Wed, September 11, 2019
Faculty in the News, Sept. 11
NOTE: Faculty, if you are interviewed and quoted by news media, or if your work has been cited, and you have an online link to the article or video, please let us know. Contact us at email@example.com
CSUSB Professor Brian Levin testifies before Congressional committee on global and domestic terrorism
Sept. 10, 2019
Brian Levin, professor of criminal justice and director of Cal State San Bernardino’s Center for the Study of Hate and Extremism testified Tuesday, Sept. 10, before the House of Representatives Committee on Homeland Security to discuss the center’s latest findings on extremist threats to the U.S.
He was joined by journalist Peter Bergen, who is also vice president for global studies and fellows at New America; former FBI agent Ali Soufan, now the CEO of the Soufan Group; and Thomas Joscelyn, senior fellow at the Foundation for the Defense of Democracies.
The hearing was streamed live, and is also archived, at “Global Terrorism: Threats to the Homeland, Part I.”
CSUSB professor testifies before House Committee on Homeland Security
Inland News Today
Sept. 10, 2019
Brian Levin, professor of criminal justice and director of Cal State San Bernardino’s Center for the Study of Hate and Extremism, testified before the House of Representatives Committee on Homeland Security Tuesday, Sept. 10, to discuss the center’s latest findings on extremist threats to the U.S.
Levin’s conclusion is that it’s coming from within the country.
“White supremacist/far right extremists are now, the most ascendant transnational terror threat facing the homeland,” Levin said in his opening remarks.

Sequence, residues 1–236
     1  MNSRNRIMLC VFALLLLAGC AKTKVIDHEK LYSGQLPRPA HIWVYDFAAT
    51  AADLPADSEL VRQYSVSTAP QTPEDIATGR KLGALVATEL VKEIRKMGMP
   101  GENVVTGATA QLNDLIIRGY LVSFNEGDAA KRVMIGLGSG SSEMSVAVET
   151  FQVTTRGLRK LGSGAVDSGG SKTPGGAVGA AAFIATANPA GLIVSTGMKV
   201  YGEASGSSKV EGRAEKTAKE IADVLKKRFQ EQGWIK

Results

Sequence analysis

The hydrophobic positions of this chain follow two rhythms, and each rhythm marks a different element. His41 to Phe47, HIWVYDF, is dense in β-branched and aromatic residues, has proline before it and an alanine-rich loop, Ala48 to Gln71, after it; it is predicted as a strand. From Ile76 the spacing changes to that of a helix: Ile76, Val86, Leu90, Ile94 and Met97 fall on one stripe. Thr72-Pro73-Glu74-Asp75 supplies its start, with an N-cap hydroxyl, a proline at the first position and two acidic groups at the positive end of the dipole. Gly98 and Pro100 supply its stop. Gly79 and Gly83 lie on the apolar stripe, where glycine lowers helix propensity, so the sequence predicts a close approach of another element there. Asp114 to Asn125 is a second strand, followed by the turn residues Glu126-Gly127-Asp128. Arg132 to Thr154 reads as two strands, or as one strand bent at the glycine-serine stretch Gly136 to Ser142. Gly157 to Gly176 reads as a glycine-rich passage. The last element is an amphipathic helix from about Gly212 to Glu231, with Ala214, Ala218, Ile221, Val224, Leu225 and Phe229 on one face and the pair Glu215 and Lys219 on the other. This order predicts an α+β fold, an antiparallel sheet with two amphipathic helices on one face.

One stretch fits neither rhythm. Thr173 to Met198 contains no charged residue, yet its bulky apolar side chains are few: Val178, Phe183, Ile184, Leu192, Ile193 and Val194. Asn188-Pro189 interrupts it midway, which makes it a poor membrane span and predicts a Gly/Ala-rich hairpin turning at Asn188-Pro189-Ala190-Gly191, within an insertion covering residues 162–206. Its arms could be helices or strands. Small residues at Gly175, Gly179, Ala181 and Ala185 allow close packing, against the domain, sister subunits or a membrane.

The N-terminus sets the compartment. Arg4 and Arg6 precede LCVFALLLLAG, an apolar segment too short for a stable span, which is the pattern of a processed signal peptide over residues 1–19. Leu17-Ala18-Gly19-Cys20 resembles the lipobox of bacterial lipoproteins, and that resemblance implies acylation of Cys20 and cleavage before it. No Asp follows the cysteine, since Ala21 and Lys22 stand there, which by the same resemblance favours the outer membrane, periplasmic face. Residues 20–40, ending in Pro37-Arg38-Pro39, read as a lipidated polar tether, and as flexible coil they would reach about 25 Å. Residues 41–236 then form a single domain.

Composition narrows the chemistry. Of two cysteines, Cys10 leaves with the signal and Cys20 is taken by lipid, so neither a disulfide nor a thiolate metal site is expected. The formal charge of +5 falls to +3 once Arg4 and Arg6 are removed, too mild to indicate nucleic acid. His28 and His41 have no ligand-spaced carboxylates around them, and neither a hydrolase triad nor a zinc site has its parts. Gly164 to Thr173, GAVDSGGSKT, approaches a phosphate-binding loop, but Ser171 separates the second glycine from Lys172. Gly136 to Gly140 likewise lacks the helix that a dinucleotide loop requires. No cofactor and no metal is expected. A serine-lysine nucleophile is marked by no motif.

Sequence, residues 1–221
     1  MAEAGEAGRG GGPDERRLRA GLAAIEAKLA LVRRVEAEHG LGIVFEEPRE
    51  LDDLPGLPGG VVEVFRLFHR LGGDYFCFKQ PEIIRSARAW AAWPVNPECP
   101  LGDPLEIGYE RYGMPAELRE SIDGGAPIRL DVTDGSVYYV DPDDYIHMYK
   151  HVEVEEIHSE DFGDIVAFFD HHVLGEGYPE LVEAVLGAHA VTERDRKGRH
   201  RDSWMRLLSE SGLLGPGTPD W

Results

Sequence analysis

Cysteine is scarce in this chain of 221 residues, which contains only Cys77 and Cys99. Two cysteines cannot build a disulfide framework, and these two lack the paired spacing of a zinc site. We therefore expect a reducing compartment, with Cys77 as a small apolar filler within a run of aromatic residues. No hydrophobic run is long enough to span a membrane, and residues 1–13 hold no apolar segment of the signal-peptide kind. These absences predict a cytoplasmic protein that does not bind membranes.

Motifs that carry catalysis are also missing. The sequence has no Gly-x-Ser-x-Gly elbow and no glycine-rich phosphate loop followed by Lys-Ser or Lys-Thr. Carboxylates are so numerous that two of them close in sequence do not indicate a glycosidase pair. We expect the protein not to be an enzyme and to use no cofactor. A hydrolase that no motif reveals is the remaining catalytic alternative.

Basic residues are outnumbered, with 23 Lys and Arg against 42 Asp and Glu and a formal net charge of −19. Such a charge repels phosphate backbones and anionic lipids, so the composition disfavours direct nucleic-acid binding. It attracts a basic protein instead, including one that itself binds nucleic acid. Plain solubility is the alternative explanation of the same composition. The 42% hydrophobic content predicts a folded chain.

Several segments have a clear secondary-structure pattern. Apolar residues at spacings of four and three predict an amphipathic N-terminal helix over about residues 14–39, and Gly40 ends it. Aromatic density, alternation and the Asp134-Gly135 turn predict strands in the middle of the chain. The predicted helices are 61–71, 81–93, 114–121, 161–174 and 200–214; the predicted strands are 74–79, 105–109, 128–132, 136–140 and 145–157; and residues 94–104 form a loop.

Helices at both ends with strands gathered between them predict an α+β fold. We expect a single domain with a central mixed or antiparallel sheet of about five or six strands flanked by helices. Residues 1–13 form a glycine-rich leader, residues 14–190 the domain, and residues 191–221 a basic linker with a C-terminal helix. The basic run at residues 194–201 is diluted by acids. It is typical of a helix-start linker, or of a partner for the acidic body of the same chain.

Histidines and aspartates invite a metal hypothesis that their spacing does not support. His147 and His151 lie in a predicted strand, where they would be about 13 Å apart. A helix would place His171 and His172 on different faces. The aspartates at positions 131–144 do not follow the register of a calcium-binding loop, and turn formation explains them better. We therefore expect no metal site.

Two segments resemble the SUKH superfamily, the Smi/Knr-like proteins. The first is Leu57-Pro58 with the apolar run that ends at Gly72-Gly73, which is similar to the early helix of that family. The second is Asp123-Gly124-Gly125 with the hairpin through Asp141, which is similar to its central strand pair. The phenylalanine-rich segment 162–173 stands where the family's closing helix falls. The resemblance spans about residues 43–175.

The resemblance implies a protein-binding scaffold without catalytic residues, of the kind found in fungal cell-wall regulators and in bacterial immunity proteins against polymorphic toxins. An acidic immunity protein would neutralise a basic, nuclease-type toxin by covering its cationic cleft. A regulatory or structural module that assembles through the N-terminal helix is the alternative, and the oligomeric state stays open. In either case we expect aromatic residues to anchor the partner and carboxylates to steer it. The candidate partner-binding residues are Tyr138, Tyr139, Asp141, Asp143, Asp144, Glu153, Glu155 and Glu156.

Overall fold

Read the complete article at “Domestic terror threat to the U.S. studied.”
CSUSB professor offers advice on dealing with loneliness
Sept. 10, 2019
Kelly Campbell, professor of psychology at California State University, San Bernardino and a nationally recognized expert on relationships, was interviewed for an article on “how to combat loneliness when you finally live alone.”
“People have always been lonely, but there is greater awareness of it today. What used to be private is now public, so people learn and talk about these issues much more than they did in the past,” Campbell said. “Another thing to keep in mind is that there are now more single households than ever before, and a key predictor of happiness and life satisfaction is social connection.”
Campbell recommends focusing on the positives of being alone, like finding time for self-care, reflection, and hobbies. She prioritizes in-person relationships, and advises an “active” use of social media to keep in touch with friends. She also thinks it’s wise to set limits around technology to keep from playing the comparison game, and to push yourself to meet new, like-minded people in clubs or at events. And lastly, she notes that if the loneliness is prolonged or deepens into depression, then it’s a good idea to seek therapy.
“For some people it might be a quick fix, and for others, it may be a lifelong trait,” she says. “Loneliness can ebb and flow depending on what’s going on in a person’s life, but if loneliness persists for years, then a long-term approach is needed.”
Read the complete article at “How to combat loneliness when you finally live alone.”
These news clips and others may be found at “In the Headlines” at inside.csusb.edu.